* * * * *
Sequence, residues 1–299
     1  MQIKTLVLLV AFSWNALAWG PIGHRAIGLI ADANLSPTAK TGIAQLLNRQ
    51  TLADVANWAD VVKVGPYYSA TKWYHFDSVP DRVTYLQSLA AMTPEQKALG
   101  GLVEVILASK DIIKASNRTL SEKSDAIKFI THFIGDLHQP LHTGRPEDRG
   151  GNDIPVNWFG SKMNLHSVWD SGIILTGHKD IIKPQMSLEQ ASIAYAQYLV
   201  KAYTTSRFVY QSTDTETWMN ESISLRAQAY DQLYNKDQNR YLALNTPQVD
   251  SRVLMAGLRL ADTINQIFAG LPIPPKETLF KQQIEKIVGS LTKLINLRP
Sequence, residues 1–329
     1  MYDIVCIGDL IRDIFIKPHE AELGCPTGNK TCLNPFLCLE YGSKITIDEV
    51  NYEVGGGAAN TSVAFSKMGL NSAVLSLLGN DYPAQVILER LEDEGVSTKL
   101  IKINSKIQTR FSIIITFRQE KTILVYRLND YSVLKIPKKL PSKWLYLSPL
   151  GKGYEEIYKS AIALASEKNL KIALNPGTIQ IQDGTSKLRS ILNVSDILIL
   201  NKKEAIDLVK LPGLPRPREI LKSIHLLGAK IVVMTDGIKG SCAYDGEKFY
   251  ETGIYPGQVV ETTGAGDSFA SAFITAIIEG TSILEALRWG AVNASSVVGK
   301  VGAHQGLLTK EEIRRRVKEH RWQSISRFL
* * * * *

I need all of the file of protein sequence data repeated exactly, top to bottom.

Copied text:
Sequence, residues 1–299
     1  MQIKTLVLLV AFSWNALAWG PIGHRAIGLI ADANLSPTAK TGIAQLLNRQ
    51  TLADVANWAD VVKVGPYYSA TKWYHFDSVP DRVTYLQSLA AMTPEQKALG
   101  GLVEVILASK DIIKASNRTL SEKSDAIKFI THFIGDLHQP LHTGRPEDRG
   151  GNDIPVNWFG SKMNLHSVWD SGIILTGHKD IIKPQMSLEQ ASIAYAQYLV
   201  KAYTTSRFVY QSTDTETWMN ESISLRAQAY DQLYNKDQNR YLALNTPQVD
   251  SRVLMAGLRL ADTINQIFAG LPIPPKETLF KQQIEKIVGS LTKLINLRP
Sequence, residues 1–329
     1  MYDIVCIGDL IRDIFIKPHE AELGCPTGNK TCLNPFLCLE YGSKITIDEV
    51  NYEVGGGAAN TSVAFSKMGL NSAVLSLLGN DYPAQVILER LEDEGVSTKL
   101  IKINSKIQTR FSIIITFRQE KTILVYRLND YSVLKIPKKL PSKWLYLSPL
   151  GKGYEEIYKS AIALASEKNL KIALNPGTIQ IQDGTSKLRS ILNVSDILIL
   201  NKKEAIDLVK LPGLPRPREI LKSIHLLGAK IVVMTDGIKG SCAYDGEKFY
   251  ETGIYPGQVV ETTGAGDSFA SAFITAIIEG TSILEALRWG AVNASSVVGK
   301  VGAHQGLLTK EEIRRRVKEH RWQSISRFL